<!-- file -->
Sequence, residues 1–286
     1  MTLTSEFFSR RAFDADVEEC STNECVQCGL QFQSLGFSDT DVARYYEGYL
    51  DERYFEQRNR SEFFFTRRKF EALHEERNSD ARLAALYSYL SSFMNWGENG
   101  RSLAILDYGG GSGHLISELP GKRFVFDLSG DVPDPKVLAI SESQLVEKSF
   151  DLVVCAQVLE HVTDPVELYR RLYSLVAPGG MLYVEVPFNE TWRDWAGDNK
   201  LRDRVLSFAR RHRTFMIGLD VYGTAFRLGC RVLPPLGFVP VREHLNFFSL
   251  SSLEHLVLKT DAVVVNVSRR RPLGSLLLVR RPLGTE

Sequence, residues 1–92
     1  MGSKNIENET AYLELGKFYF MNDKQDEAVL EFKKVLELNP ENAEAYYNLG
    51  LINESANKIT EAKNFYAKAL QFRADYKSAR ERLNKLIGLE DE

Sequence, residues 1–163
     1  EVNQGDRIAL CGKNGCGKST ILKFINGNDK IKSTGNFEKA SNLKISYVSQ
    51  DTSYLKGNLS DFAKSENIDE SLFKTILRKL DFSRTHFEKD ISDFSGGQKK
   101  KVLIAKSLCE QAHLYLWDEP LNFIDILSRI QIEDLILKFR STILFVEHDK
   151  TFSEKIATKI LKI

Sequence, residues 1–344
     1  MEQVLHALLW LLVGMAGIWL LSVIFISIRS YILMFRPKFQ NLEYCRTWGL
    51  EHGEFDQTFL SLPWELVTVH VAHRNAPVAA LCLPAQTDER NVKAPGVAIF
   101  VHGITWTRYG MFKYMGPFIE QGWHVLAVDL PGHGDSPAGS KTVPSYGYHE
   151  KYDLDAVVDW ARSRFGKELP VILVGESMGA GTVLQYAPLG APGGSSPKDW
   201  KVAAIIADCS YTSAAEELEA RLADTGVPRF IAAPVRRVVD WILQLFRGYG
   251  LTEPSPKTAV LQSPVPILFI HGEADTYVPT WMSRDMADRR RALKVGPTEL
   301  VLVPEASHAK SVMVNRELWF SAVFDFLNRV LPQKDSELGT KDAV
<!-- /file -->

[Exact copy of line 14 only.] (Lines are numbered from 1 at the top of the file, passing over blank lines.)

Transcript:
   101  KVLIAKSLCE QAHLYLWDEP LNFIDILSRI QIEDLILKFR STILFVEHDK